On Thursday, March 18, Dominican authorities arrested Jorge Torres Puello, adviser to the detained Americans in Haiti who had been charged with kidnapping. Ten Americans, most of them Baptists from Idaho, came to Haiti soon after the January 12 earthquake and maintained they were on a charity mission. However, police arrested them as they attempted to take 33 children out of the country without permission. The Americans claimed the children in question were orphans, but many of the children later said they had parents. (For the original Feb. 12 post, see below.) Officials have since released nine of the detainees while the tenth, Laura Silsby, is still in custody.
According to the New York Times, Idaho’s Central Valley Baptist Church initially hired Puello to provide legal counsel and act as spokesperson. Puello himself had said he accepted the job pro bono because of his own religious beliefs. (There is debate over Puello’s ties to the Sephardic Jewish community.) However, Haitian officials soon learned Puello was suspected of smuggling, violating probation for fraud, exploiting minors for prostitution and pornography, and trafficking Caribbean and Central American girls in El Salvador, the United States, and Canada. In February Puello went on the lam during which, according to the NY Times, “he sent emails to reporters, set up a Web site declaring his innocence and contributed to many blogs.” Dominican authorities, with the assistance of the United States Marshals Service and other enforcement agencies, initiated an international hunt that ended with Puello’s arrest in a McDonald’s restaurant parking lot in Santo Domingo. To read more, click here.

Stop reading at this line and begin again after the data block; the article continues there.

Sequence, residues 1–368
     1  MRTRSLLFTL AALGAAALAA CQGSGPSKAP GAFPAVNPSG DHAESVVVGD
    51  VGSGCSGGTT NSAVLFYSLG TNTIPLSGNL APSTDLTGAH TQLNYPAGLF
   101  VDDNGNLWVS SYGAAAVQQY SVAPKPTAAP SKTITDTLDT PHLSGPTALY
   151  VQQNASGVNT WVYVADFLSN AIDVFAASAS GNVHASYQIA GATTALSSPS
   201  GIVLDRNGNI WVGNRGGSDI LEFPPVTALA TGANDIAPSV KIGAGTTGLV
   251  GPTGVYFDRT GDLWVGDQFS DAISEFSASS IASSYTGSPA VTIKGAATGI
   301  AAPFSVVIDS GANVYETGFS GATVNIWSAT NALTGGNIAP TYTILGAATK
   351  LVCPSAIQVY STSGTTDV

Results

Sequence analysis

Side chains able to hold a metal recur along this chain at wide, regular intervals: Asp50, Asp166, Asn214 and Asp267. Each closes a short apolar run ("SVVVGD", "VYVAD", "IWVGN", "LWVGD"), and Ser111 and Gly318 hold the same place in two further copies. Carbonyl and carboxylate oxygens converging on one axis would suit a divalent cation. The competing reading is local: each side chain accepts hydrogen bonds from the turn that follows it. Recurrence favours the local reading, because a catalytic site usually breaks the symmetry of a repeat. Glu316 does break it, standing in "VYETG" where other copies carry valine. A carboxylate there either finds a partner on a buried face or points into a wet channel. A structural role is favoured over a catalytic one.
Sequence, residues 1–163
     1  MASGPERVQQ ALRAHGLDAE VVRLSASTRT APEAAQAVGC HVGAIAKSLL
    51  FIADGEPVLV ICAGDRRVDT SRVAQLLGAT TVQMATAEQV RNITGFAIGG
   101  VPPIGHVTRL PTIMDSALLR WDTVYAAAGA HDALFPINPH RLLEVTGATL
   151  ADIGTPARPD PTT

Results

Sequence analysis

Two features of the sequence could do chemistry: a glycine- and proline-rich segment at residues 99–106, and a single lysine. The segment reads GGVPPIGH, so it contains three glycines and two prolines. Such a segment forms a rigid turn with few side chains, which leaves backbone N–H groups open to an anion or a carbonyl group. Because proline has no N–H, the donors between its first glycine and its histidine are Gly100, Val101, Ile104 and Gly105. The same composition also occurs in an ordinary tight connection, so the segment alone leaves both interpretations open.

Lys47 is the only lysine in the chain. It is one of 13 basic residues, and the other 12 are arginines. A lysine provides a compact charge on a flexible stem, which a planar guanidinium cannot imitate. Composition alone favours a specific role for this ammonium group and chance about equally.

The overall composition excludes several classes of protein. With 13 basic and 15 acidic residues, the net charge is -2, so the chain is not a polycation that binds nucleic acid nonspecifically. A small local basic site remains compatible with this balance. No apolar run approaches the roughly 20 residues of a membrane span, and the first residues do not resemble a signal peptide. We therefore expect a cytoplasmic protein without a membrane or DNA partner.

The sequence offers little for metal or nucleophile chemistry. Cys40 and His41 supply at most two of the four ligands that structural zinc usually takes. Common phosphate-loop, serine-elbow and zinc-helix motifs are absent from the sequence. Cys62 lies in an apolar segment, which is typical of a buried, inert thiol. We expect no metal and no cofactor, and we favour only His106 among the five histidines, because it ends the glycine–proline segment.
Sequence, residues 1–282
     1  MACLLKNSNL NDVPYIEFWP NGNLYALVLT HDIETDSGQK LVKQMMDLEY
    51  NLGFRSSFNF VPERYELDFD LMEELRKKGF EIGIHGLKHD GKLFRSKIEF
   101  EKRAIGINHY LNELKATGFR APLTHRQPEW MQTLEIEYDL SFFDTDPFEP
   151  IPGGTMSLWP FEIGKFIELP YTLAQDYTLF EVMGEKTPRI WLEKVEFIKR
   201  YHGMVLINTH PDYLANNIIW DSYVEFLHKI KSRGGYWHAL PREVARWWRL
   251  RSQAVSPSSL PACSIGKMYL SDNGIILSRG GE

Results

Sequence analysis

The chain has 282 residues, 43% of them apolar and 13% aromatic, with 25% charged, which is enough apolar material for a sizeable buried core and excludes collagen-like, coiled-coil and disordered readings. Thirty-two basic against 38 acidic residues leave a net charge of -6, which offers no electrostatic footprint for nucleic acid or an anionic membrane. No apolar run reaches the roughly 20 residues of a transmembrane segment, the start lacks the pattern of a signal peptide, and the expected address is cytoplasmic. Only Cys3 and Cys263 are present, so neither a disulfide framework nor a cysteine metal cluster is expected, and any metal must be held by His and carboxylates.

Intolerance and American Religious History
By Lynn S. Neal , Wake Forest University
(Vol. 5, February 2010)
Ethics and Religion
By G. Scott Davis , University of Richmond
(Vol. 3, October 2008)